In another embodiment, FIG. 4, the game board 14 features twenty-two horizontal rows 60 of boxes 62 drawn upon the game board 14. Each such horizontal row 60 contains thirteen of the horizontal boxes 62 dimensioned to accommodate the outside dimensions of the letter tiles 12 when laid thereon. The first box 62 in each row 60 being that of a letter of the alphabet of the language in which the game is being played, in this case a English language and alphabet consonant, in the conventional order starting from the top of the game board 14. The letter contained in the first such box of the row is considered the master letter 64 of that horizontal row 60. As depicted in the English version, there would be twenty-one master letters 64 in the English alphabet vowels. Since other versions of the game can also be produced in any number of languages and such is anticipated, the order of and number and characters of the master letters 64 could vary by language. However, in all cases the premise would be the same in that the alphabet of that language would be represented in order as master letters 64 of the horizontal rows 60.

In this embodiment of the game board 14, there exist thirteen vertical columns 66 also formed by the lines of the horizontal boxes 62. A first column being that of the aforementioned master letters 64 and twelve additional vertical columns 66 situated to the right of the master letters 64 thereby determining the number of horizontal boxes 62 to be used for play immediately adjacent to each master letter 64. The playing spaces, determined by the number of horizontal boxes 62, determines where letter tiles 12 may be laid during play. Each master letter 64 would therefor have twelve horizontal boxes 62 to the right of that master letter 64 in which letter tiles 12 may be played.

Each of the vertical columns 66 are labeled at the top of the respective vertical column 66 with a number starting from the left and increasing toward the right from zero through eleven. This numerical label thereby identifies and determines a multiplier 60 for points achieved on a word spelled by a player laying letter tiles 12 to the right of one of the master letters 64, depending upon which column the last letter tile 12 of the word formed, occupies. This multiplier 60 is used during play to multiply the score of the word formed by a player, by the factor of the multiplier 60.

Also included on the game board 14 are a plurality of colorized columns to award additional bonuses to players achieving word endings in these colorized columns. The columns designated with the multiplier of seven, eight, or nine are colorized in a first color 68, in the current mode orange, to indicate that bonus points are awarded for a word long enough to end in this column of the first color 68. The multiplier columns designated by the multiplier 60 labeled ten and eleven are also colorized with a second color 70 different from the first color 68 and the board color 58. This second color 70 signifies that the player formed a word long enough to end in the columns designated with the second color 70, and the player is awarded a bonus points and a bonus tile 16 for accomplishing the task. In the current best mode, the first color 68 is orange and the second color 70 would be maroon with the board color 58 being gray or neutral. Of course, the colors used could differ so long as they are different from each other to easily identify the bonus zone signified by the first color 68 and the second color 70.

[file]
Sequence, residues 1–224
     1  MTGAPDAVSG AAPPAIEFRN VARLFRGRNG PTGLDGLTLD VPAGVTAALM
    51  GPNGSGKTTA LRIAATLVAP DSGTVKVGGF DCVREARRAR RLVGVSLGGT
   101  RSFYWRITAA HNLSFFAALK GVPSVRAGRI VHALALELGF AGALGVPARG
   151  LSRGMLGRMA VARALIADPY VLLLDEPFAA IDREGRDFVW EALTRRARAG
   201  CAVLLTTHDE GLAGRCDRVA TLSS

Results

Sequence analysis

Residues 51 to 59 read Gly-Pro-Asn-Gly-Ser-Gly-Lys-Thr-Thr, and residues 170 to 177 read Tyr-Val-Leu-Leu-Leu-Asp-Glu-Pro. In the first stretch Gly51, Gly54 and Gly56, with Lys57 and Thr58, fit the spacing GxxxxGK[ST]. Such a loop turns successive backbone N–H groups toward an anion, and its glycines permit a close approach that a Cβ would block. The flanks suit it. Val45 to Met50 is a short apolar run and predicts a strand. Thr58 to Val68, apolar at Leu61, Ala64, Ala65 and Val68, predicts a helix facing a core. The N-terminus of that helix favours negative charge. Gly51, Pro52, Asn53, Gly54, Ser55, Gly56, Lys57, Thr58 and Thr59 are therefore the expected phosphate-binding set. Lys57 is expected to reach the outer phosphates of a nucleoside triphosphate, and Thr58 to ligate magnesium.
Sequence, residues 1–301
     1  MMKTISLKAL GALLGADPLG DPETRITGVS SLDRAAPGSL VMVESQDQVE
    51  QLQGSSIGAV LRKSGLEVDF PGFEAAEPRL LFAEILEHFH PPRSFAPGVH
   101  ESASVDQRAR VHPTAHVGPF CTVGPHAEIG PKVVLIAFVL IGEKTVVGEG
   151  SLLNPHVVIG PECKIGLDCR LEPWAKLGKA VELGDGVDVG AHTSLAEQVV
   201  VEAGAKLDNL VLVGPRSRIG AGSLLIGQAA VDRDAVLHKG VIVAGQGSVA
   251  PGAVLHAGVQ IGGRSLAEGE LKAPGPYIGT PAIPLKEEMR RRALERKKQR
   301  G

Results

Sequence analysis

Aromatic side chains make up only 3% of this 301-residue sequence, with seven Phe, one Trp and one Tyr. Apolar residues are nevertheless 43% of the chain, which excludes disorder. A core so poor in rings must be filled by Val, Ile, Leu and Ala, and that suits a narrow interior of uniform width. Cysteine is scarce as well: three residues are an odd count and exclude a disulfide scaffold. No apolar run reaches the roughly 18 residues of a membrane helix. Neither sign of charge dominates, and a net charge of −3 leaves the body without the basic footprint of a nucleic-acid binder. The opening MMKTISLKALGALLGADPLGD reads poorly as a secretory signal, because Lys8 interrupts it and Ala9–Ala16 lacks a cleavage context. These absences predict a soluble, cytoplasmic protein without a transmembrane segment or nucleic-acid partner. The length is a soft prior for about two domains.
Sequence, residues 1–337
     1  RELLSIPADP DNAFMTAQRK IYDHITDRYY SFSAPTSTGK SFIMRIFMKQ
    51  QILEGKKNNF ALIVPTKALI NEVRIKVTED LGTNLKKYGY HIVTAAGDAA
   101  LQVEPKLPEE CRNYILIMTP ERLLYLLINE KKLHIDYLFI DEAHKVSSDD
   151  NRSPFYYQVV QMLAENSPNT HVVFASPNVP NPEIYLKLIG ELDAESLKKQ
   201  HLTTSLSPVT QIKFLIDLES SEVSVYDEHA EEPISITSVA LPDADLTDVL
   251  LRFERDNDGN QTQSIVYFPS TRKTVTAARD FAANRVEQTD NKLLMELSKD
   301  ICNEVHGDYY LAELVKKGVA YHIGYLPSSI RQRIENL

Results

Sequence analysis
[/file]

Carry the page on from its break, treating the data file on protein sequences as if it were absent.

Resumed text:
This twenty-one master letter 64 game board 14 version is otherwise played in the same fashion as the twenty-six master letter 26 game board 14 version.

In another embodiment, FIG. 5, the game board 14 features twenty-seven horizontal rows 72 of boxes 74 drawn upon the game board 14. Each such horizontal row 72 contains seven of the horizontal boxes 74 dimensioned to accommodate the outside dimensions of the letter tiles 12 when laid thereon. The first box 74 in each row 72 being that of a letter of the alphabet of the language in which the game is being played, in this case a English language and alphabet, in the conventional order starting from the top of the game board 14. The letter contained in the first such box of the row is considered the master letter 76 of that horizontal row 72. As depicted in the English version, there would be twenty-six master letters 76 in the English alphabet. Since other versions of the game can also be produced in any number of languages and such is anticipated, the order of and number and characters of the master letters 76 could vary by language. However, in all cases the premise would be the same in that the alphabet of that language would be represented in order as master letters 76 of the horizontal rows 72.

In this embodiment of the game board 14, there exist seven vertical columns 78 also formed by the lines of the horizontal boxes 74. A first column being that of the aforementioned master letters 76 and six additional vertical columns 78 situated to the right of the master letters 76 thereby determining the number of horizontal boxes 74 to be used for play immediately adjacent to each master letter 76. The playing spaces, determined by the number of horizontal boxes 74, determines where letter tiles 12 may be laid during play. Each master letter 76 would therefor have six horizontal boxes 74 to the right of that master letter 76 in which letter tiles 12 may be played.